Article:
Instead, I'm stuck at home with 3 broken metacarpals. During my "short" Christmas break, a skiing accident that could hardly be more unspectacular was my undoing. The hand was patched up with screws and plates, the healing process is going well so far, but it will probably be spring before I'm back in the saddle. A painful fact. But in the end everything happens for a reason and maybe it just had to happen.
The time I have now I will use as productively as possible, keep fit, plan, organize and prepare the further course of the project, optimize my material, try to improve my skills in terms of photos, videos and social media, or think about my future after the project.
The most important insights / what I learned:
Live in the here and now, don't let the past drag you down and just let the future come to you.
- "It's going to be OK" is always true :)
-Be friendly, smile a lot, have positive thoughts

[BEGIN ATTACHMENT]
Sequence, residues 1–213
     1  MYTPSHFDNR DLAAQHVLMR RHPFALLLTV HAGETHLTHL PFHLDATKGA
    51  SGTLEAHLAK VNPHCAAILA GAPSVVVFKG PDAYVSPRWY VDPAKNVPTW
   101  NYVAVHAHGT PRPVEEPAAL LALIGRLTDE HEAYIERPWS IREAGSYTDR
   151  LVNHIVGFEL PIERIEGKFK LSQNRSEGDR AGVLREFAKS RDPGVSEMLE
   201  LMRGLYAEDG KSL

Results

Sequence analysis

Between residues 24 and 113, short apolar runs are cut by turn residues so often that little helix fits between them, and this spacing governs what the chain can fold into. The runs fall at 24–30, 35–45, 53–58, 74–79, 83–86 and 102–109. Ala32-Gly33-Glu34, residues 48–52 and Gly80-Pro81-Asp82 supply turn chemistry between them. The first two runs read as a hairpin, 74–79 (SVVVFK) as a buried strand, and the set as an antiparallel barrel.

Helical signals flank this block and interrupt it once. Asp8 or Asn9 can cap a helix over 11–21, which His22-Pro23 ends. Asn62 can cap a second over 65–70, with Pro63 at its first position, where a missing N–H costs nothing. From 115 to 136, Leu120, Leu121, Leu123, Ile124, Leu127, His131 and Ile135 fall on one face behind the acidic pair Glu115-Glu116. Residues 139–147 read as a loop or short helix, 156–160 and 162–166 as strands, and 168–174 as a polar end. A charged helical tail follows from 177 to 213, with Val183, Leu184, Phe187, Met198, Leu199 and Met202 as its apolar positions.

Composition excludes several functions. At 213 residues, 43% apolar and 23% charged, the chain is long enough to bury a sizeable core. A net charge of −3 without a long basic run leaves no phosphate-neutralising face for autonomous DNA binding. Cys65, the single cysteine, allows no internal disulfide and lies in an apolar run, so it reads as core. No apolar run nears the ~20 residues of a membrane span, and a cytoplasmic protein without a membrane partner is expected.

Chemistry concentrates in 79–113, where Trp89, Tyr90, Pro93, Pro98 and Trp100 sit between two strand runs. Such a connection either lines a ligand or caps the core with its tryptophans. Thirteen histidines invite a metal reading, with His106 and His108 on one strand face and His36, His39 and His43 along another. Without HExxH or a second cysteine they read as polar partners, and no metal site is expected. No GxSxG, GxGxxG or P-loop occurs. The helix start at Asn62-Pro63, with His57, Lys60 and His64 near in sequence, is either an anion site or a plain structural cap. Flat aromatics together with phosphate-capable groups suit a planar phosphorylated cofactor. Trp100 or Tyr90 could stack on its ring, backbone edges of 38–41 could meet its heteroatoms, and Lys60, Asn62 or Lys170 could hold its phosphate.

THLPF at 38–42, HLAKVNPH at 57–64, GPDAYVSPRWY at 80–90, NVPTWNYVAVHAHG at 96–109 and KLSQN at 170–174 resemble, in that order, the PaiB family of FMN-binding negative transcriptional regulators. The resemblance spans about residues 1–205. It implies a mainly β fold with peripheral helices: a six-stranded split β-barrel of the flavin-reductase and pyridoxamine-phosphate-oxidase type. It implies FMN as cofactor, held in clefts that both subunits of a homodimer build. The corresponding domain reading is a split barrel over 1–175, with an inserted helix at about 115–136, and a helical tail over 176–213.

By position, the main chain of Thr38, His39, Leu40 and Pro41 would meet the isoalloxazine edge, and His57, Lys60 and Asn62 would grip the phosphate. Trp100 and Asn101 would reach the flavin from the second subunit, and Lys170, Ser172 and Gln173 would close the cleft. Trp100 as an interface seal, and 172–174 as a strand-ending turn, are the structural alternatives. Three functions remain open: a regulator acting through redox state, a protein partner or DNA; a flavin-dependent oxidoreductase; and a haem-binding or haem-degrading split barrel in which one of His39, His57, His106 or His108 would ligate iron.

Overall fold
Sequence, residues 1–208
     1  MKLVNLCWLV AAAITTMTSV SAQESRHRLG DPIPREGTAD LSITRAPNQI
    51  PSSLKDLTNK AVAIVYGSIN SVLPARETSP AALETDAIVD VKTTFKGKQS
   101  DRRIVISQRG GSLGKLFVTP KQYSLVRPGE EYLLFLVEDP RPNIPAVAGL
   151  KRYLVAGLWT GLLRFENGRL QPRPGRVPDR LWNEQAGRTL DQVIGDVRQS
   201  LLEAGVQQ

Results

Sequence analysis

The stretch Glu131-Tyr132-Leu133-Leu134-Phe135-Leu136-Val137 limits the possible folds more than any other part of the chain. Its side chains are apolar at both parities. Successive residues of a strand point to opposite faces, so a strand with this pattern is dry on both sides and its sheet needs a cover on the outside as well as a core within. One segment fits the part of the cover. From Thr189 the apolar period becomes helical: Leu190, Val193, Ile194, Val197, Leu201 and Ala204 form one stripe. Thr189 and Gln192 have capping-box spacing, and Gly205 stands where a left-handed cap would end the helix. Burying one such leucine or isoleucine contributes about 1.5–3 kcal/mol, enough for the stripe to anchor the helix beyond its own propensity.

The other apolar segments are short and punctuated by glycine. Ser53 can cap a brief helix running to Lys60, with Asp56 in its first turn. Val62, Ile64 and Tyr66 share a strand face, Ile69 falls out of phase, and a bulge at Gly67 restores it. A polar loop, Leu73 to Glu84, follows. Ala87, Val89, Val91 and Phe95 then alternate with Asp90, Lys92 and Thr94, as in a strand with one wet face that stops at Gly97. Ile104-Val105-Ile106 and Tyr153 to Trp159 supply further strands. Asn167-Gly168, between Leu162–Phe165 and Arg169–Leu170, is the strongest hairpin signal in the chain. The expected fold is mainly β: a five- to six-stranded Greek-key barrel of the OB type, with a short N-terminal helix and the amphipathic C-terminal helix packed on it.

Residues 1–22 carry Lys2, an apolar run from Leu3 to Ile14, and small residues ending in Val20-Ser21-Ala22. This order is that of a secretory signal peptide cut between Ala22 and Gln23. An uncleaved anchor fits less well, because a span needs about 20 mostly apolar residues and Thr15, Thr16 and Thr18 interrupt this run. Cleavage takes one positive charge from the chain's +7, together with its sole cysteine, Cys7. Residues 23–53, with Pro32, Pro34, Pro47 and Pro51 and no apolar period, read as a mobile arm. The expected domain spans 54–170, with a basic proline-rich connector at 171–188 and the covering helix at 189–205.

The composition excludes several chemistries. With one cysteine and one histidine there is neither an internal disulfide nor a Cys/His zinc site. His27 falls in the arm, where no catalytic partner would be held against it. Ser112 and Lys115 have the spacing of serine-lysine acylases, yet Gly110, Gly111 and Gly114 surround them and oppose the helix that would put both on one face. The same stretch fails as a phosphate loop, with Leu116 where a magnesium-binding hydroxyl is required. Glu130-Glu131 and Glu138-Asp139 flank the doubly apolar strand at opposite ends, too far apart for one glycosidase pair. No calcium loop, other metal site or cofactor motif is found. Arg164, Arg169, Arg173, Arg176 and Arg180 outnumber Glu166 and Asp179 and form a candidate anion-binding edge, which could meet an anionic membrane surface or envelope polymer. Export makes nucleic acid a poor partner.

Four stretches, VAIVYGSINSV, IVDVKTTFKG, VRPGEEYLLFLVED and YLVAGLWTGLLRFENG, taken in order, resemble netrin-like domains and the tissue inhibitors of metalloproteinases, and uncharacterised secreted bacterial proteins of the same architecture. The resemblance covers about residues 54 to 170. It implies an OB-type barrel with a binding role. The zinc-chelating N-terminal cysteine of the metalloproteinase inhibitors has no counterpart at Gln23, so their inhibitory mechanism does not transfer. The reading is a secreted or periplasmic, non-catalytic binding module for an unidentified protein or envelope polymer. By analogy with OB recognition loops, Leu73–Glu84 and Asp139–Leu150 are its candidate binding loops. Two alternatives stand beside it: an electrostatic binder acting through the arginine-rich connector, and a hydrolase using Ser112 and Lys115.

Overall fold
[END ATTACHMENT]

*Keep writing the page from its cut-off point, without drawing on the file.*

-Don't force anything, go with the flow
-Don't worry more than necessary
-Accept the things you can't control
-200km per day by bike is quite exhausting :)
-An average of 5-6 hours sleep per night somewhere outside is rather little :)
-Europe is quite beautiful, especially by bike
-I am stronger than the wind :)
-You can very well live mainly on kebab, bread, chocolate, biscuits and coke :)
-If you keep all your bike clothes on to sleep, you'll be ready faster in the morning :)
-If you never put up the tent, but just sleep somewhere outside, it's even faster :)
-If you also do without the inflatable mat and sleep with the sleeping bag directly on the ground, however, it becomes rather uncomfortable. Not recommended.
-The increase in performance due to the sawed-off toothbrush was not quite as great as hoped :)
-2 pairs of socks are more than enough
-11 days without a shower is rather long. Not recommended.
-6 weeks without exercise before I set off was the ideal preparation. Training is overrated...
-It's totally okay if you don't know anything about bikes, you just have to make sure nothing gets broken :)
-Bicycling somehow doesn't really get you anywhere with your choice of studies...
-When you're back home, you realise how cool the whole thing has been so far. That's why I'll soon be moving on again towards Italy, the Balkans, Greece, Turkey and Eastern Europe... Daily updates, pictures and videos will be back on Instagram as usual!
Until then, I wish everyone a great start to the new year and look forward to many more unforgettable adventures, experiences, emotions, encounters and new places to share with you. See you soon!